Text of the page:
The dissemination of these ideas in East Asia occurred as quickly as it had in Tunisia, Turkey, and Iran. This was partially due to foreign students and scholars in Cairo and India introducing these new exegetical trends to their own communities. Although Egyptian commentaries were more widely read, the Indian school of scientific interpretation was also welcomed in Asian countries. Muslims in India, China, Indonesia, and Malaysia translated commentaries by Jawharī into their own languages from the 1910s on. Some Malay‐Indonesian reformists (e.g., Tahir Jalal al‐Din al‐Azhari)18 who had connections with the Egyptian school founded local magazines modeled on al‐Manār in Cairo that introduced topics such as the Qurʾān and science, Muslims and science, Muslims and backwardness, Muslims and Europeans, and Muslims and education. For instance, al‐Imām, a monthly publication in Singapore in Jawi script, published a few issues under the title al‐taʾrīkh al‐Islāmī (Islamic History) on Muslim civilization, as well as Muslim pedagogy, science (e.g., astrophysics) in America, and its reception in the Muslim world.

Likewise, the reformist Syed Syeikh al‐Hadi (d. 1934) translated into Malay two short commentaries by Muḥammad ʿAbduh on the first chapter of the Qurʾān and Juzʾ ʿamma (the last part of the Qurʾān) (see Abdullah 2009).19 Just as ʿAbduh was a symbol of Islamic reform, Jawharī was a symbol of Islamic education reform. His reading of science and the Qurʾān served as a pedagogical instrument. Scientific interpretation was seen as not only a vehicle for proving the mercy and authority of God over the universe but also as corrective material to educate Muslims about their history and doctrine at a time when their worldly affairs were controlled by Europeans. Chinese and Indonesian scholars organized meetings with Jawharī in order to rebuild their education systems, and Jawharī “became associated with the Educational Committee for the Islamic East” (Laffan 2007, 710). Representatives of his in Johor, Sumatra, and Java transformed his ideas into Arabic, Malay, and Javanese. Shaykh ʿAbd al‐ʿAzīz al‐Shīmī, director of a scientific college in Indonesia, was an active promoter of Jawharī’s scientific interpretation and educational thoughts. Later, Hajji Abd al‐Rahman bin Hj Husain, imām of the Abu Bakr mosque in Johor, taught Jawharī’s scientific commentary on Qurʾān 1 and translated it into Bahasa Melayu (Figure 5).

Figure   5
Figure   5 Malay‐Indonesian translations of Muḥammad ʿAbduh's commentary on Qurʾān 103 (in Bandung) and Ṭanṭāwī Jawharī’s commentary on Qurʾān 1 (in Johor Bahru; right side). [Colour figure can be viewed at ]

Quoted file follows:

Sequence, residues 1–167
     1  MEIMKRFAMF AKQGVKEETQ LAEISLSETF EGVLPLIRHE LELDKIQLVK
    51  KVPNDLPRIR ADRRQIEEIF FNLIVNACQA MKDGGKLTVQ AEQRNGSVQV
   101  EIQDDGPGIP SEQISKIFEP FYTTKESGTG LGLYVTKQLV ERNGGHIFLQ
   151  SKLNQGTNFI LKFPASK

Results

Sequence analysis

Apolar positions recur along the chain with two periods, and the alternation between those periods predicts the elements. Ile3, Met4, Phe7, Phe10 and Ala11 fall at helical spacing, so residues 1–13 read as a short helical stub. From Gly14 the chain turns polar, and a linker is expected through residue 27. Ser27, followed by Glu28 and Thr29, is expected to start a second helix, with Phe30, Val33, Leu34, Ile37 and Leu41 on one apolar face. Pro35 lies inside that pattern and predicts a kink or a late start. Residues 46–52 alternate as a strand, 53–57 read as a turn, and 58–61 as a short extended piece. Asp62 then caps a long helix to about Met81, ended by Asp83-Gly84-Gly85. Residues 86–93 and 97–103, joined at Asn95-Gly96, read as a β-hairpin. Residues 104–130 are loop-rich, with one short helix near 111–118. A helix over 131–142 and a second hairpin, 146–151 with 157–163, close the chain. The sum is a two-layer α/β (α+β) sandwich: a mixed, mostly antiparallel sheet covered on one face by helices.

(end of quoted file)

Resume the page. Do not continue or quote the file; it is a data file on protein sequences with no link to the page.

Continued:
Egyptian works were also introduced in places where Muslims were minorities. Penang Island of Malaysia, which had a high proportion of Chinese residents and Muslim converts, was a primary hub for the circulation of literature by Jawharī, ʿAbduh, and Riḍā. One of the main engines behind the circulation of Egyptian exegetical works in Penang was a local publisher, distributor, and library owned by Hj. Abdullah b. Mohammad Nur al‐Din al‐Rawiy (Figure 6).

Figure   6
Figure   6 A Handlist of Muslim Literature. Published and/or distributed by Hj. Abdullah ibn Mohammad Nur al‐Din al‐Rawiy Library, Penang, Malaysia. [Colour figure can be viewed at ]

The first well‐known Indonesian commentary, similar in theme to the Egyptian commentaries, was Tafsīr al‐Qoeranoel Karim (Commentary on the Holy Qurʾān) by H. Abdul Halim Hasan, Zain al Arifin Abbas, and Abdurrahim Haitam in 1938. Interpreters from all previous generations are acknowledged and cited in this commentary: Tawfīq Ṣidqī, ʿAbduh, Riḍā, and Jawharī. In interpreting Qurʾān 2:219 (“They ask you about intoxicants and gambling […]),” the authors first discuss the destructive impact of alcoholic beverages on the human body:

a. merusak usus; b. menghilangkan nafsu makan; c. merobah rupa dan sifat […]; d. kena sakit djantung; e. kena sakit buah pinggang; f. mudah kena sakit batuk kering […]

a. damage the intestines; b. eliminate appetite; c. change the appearance and character […]; d. affected by heart pain and heart attack; e. affected by kidney pain; f. prompt sickness with dry cough. (Hasan, Abbas, and Haitami 1938, ii:330–31)

It is for these reasons that they believe God has forbidden alcohol and warned Muslims not to consume it. To this discussion are added medical statistics on the death rates from alcohol in Europe, followed by Muḥammad Tawfīq Ṣidqī’s ideas about alcohol. The commentators suggest to readers that the circulation of wine in Asia and North Africa during colonial times was a policy designed to weaken Islam. Ideas about wine from European scientists and physicians, such as Edward Smith (d. 1874), are placed alongside those of Jawharī (Hasan, Abbas, and Haitami 1938, ii:336–37).